Thanks to all who participated in person and online in our Delaware River watershed event last night at WHYY in Philadelphia. In case you missed it, here are some of the highlights, including a Delaware watershed fact sheet and glossary of terms we handed out to our live audience. (You can check out that document below.)
So how healthy IS the Delaware River watershed?
Our panelists were asked to share some of the indicators they use to assess the watershed’s health and vitality. We also asked them to tell us how the watershed is doing by giving it a letter grade from A to F. Here’s what they said:
- Steve Mullin, Philadelphia’s former Finance Director who currently runs his own economic policy consulting firm, gave the watershed a B when he weighs both the economic and environmental costs and benefits of working and living near the water. He thinks development is moving in the right direction.
- Patty Elkis, Director of Policy and Planning for the Delaware Valley Regional Planning Commission, looks at the health of the watershed in two ways: conservation and development. She gave it an A for preservation, noting that of the 2.4 million acres that make up the nine-county region spanning Pennsylvania and New Jersey, 550,000 acres have been preserved. Elkis gave the region a B for development efforts which ramped up during the 1990s and began dropping off after the the recession in 2008. About one million acres have been developed so far.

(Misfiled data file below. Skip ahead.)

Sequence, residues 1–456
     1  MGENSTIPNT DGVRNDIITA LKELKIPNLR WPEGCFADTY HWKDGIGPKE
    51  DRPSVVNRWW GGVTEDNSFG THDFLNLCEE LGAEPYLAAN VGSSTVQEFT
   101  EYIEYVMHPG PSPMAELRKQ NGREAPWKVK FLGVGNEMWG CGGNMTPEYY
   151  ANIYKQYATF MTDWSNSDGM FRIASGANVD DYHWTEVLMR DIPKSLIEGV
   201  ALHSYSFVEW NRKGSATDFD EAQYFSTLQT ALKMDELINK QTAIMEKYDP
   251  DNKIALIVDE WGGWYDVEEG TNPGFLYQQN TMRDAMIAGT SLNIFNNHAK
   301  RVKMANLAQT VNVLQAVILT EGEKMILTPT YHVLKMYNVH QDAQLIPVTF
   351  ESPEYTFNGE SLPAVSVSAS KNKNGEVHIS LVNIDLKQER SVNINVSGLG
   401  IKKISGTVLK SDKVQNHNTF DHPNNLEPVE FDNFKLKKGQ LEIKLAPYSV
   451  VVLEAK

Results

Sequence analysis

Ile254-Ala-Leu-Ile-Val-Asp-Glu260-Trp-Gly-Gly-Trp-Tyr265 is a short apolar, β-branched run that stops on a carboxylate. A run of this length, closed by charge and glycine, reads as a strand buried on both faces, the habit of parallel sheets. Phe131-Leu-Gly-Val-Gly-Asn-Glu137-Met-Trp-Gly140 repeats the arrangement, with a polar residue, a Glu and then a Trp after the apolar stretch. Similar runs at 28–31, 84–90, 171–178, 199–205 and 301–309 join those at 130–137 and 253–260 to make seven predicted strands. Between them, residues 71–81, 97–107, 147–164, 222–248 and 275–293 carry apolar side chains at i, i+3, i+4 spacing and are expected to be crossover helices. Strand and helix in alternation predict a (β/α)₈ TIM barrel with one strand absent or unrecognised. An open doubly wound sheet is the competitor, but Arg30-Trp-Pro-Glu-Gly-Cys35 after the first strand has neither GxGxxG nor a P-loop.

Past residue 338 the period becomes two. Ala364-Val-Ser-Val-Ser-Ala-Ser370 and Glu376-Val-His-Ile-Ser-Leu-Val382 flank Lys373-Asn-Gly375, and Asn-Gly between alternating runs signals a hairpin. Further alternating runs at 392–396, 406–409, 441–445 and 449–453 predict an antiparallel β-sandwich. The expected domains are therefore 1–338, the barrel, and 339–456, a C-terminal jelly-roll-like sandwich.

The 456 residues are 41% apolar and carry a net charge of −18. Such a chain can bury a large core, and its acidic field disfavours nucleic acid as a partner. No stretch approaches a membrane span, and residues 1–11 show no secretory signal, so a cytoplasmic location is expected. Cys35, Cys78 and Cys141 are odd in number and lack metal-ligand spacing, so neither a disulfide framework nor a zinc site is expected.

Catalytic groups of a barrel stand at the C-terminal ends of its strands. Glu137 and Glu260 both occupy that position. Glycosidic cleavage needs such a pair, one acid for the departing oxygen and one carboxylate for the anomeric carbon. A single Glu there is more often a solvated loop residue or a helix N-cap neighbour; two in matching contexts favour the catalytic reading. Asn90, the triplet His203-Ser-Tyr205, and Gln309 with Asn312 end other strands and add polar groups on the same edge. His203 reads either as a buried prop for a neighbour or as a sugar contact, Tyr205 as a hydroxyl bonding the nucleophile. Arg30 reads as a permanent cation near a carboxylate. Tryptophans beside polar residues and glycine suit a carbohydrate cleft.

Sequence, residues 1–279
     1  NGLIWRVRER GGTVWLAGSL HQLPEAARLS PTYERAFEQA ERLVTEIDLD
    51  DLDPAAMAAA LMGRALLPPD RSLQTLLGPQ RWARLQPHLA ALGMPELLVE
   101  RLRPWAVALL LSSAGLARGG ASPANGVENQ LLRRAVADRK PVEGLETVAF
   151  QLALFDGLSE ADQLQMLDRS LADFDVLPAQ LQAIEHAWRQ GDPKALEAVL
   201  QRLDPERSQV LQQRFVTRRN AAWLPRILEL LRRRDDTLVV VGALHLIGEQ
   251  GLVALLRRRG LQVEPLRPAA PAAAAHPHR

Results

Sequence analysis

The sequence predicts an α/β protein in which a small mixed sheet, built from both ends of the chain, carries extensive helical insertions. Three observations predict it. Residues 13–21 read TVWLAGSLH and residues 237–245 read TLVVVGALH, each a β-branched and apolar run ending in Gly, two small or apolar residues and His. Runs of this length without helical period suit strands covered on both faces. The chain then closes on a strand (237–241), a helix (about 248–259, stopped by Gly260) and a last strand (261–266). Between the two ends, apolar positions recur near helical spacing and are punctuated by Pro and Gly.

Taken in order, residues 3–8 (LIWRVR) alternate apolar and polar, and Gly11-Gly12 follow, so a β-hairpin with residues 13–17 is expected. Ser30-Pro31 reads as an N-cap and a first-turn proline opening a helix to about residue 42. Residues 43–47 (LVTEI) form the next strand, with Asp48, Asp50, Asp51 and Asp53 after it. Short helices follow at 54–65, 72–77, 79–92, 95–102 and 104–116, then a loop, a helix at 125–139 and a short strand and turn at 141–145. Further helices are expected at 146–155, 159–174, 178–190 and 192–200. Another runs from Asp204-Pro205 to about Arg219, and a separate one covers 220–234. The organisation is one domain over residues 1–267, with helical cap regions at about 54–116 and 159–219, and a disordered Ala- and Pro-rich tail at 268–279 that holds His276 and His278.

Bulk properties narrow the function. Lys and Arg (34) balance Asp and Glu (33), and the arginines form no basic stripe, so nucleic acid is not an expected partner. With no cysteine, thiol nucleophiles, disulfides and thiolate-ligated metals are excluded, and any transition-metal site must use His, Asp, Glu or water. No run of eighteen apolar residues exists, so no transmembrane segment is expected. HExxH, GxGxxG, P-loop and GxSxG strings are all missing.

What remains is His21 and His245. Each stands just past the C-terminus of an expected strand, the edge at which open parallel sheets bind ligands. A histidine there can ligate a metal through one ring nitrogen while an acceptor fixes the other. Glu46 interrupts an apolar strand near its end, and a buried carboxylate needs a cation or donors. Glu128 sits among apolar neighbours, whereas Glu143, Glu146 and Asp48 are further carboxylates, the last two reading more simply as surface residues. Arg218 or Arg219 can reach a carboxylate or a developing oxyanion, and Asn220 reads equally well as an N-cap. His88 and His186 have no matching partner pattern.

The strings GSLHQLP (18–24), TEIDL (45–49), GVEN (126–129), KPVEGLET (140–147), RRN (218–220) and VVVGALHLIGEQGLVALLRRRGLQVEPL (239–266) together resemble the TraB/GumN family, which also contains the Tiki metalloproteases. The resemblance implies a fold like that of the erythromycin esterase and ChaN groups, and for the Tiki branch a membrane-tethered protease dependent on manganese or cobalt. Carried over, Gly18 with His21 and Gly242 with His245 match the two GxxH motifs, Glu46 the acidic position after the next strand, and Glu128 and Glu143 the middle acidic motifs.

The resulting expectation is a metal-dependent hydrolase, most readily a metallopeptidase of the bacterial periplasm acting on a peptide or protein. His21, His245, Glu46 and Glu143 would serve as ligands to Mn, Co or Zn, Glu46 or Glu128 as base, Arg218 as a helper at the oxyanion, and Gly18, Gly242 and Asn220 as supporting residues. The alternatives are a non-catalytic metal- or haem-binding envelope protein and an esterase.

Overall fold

Peter Wulfhorst, economic development educator with the Penn State Cooperative Extension in Pike County, reflected on the changing agricultural sector in the watershed. As many acres of farmland have given way to suburban development, water quality concerns have shifted from agricultural runoff to stormwater runoff which can be harder to control. Ultimately, his grade for the watershed was a C+.
- Maya van Rossum, the Delaware Riverkeeper, said she couldn’t give the watershed a single letter grade because water quality tends to change as the river flows downstream. At the headwaters in Northeast Pennsylvania, van Rossum said the water quality is very high because there isn’t as much development. Water quality begins to decline in the lower watershed around Philadelphia.
What letter grade would you give the Delaware River watershed? Share your thoughts in the comments below.
What comes next?
My reporting partner, Marie Cusick and I have collected the great questions asked by our in-studio and online audiences. We’ll be using them to inform our reporting on the watershed going forward. You can look for the answers to these and more questions on StateImpact Pennsylvania in the coming weeks and months.
Save the date!
Stay tuned for our next event in January at witf in Harrisburg when we’ll assemble another great panel to discuss the health of the Susquehanna River.